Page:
Sonoma Coast Chardonnay The vineyards along the Sonoma Coast feature marine influences that define this sweeping appellation, an area that stretches from the beautiful San Pablo Bay all the way to the Mendocino County line. The Sonoma Coast American Viticulture Area (AVA) covers over 480,000 acres, with roughly 7,000 acres planted with vines. Temperatures are moderate, with evenings dipping to 40s as a result of the fog off Bodega Bay and day time highs typically in the low 70s. Growing grapes in the dramatically cool western reaches of Sonoma County is complex and demanding, with the end result truly worth the risk. The resulting fruit produces wines that are elegant and intensely structured.
Russian River Valley Pinot Noir The climate is shaped by the regular intrusion of cooling fog from the Pacific Ocean just a few miles to the west. Much like the tide, it ebbs and flows through the Petaluma Wind Gap and the channel cut by the Russian River. The fog usually arrives in the evening, often dropping the temperature 35 to 40 degrees from daytime highs that can reach into the 80’s during summer. The fog retreats to the ocean the following morning. This natural air-conditioning allows the grapes to develop full flavor maturity over an extended growing season — often 15 to 20 percent longer than neighboring areas — while retaining their life-giving natural acidity.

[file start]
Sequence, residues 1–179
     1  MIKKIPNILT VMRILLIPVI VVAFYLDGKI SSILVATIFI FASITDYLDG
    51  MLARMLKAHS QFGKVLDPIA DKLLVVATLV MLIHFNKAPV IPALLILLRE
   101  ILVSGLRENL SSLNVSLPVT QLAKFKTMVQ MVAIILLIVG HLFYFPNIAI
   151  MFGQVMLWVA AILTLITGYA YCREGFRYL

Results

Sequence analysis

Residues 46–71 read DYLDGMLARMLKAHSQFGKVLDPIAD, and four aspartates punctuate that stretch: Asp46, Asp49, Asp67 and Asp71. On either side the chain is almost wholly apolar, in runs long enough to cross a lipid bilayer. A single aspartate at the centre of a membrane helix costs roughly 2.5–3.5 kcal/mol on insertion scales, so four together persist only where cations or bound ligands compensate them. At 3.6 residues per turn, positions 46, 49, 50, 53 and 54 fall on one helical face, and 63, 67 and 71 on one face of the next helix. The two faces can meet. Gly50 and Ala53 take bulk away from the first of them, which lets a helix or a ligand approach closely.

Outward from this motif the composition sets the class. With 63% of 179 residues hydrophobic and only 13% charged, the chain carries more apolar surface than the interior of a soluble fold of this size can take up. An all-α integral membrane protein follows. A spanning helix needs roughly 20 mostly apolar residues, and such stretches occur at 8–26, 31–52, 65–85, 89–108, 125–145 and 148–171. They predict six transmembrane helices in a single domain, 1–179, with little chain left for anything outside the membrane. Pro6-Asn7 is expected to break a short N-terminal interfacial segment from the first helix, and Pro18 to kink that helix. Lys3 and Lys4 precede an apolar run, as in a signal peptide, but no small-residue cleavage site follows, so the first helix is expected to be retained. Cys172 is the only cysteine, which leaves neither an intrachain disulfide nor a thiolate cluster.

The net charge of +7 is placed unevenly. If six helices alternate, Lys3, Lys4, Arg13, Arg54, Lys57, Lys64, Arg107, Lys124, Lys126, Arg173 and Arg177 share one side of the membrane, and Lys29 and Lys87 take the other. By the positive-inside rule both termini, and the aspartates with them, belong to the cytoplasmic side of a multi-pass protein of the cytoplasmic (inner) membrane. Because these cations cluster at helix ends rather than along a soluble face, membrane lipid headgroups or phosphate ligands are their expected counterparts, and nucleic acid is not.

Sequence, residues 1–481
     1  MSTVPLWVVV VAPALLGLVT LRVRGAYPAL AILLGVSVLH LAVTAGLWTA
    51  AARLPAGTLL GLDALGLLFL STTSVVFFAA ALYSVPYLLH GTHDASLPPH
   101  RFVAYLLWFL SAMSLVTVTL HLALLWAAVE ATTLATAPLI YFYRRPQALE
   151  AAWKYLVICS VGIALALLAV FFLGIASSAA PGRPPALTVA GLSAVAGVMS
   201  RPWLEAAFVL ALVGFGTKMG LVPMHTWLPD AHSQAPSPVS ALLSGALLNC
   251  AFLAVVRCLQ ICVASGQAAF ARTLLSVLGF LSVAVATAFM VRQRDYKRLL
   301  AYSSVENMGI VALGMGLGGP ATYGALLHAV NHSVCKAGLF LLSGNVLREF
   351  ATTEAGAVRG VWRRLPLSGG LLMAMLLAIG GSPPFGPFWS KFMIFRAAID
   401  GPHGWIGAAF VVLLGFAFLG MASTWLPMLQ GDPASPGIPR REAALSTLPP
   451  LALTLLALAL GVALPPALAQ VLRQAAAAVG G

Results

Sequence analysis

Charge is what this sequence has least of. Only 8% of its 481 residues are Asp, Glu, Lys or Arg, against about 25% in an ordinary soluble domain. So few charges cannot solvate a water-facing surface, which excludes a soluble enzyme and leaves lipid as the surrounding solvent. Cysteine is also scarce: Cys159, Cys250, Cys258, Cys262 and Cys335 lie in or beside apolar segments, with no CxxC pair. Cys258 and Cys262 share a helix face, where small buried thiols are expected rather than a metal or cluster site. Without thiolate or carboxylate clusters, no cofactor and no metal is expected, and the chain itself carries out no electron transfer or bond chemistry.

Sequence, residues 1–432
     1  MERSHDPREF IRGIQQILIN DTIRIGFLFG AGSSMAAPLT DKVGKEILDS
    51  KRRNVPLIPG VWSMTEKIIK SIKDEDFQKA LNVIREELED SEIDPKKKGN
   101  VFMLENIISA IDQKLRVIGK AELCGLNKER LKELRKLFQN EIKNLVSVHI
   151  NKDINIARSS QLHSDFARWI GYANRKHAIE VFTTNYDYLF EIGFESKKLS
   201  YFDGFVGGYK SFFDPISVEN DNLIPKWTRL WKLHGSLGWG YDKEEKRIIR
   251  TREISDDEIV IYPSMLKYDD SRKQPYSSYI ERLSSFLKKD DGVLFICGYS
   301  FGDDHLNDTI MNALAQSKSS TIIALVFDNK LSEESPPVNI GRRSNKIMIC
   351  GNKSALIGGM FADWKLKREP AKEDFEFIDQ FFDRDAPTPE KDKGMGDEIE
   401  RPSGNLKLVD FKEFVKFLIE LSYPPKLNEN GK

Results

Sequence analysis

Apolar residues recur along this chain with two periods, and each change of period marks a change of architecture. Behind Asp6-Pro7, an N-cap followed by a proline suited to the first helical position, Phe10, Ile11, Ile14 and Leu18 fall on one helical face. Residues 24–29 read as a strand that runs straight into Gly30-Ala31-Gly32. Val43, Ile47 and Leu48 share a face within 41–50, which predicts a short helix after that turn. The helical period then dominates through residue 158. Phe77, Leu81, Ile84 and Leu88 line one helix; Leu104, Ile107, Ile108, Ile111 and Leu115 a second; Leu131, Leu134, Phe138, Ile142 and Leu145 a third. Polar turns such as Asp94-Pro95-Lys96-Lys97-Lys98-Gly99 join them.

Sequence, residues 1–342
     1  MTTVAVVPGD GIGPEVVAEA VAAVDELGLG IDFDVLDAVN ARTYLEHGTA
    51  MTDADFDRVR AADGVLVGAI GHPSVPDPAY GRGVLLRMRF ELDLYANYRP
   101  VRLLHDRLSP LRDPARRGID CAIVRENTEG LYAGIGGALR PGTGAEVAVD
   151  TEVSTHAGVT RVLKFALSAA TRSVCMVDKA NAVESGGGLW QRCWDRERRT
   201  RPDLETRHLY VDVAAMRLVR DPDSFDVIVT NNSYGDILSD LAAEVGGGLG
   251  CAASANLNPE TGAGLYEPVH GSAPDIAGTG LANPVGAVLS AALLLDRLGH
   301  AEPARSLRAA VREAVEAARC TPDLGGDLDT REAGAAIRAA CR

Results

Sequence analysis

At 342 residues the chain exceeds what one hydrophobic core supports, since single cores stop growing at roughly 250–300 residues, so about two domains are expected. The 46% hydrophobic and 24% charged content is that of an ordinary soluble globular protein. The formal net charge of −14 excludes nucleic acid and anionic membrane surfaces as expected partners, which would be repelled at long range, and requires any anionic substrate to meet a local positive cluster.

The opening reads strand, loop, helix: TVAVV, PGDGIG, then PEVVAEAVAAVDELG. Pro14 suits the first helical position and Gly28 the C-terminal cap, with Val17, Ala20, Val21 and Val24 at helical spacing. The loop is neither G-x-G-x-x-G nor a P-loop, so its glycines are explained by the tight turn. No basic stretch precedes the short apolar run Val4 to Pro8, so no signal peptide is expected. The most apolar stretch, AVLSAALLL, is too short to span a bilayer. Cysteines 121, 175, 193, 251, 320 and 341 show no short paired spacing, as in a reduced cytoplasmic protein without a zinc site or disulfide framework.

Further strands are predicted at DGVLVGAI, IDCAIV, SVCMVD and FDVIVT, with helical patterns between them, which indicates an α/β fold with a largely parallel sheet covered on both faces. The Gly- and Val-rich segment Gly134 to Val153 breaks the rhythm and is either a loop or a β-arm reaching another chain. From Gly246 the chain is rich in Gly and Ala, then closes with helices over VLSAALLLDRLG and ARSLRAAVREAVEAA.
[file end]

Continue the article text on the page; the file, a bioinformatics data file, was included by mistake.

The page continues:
Napa Valley Cabernet Sauvignon By far the most famous appellation in California is the Napa Valley. Encompassing virtually all of Napa County as well as 14 distinct AVAs (American Viticultural Area), this extensive valley system, is home to the cradle of California’s viticultural history.
Napa Valley opens to the south where the climate is shaped by the maritime influences of the great San Pablo Bay. This regular influx of cool, damp air creates a meso-climate that is significantly different from that of the Northern reaches of the valley where the day’s heat can remain trapped and accumulates over the course of the summer growing season.
The other great influences on the climate of the valley are the mountains that frame its contours. With the Mayacamas Range separating Napa from Sonoma on the west and the Vaca range defining the valley’s eastern boundary there are many varied exposures, elevations, and soils here that have been deemed worthy of special attention.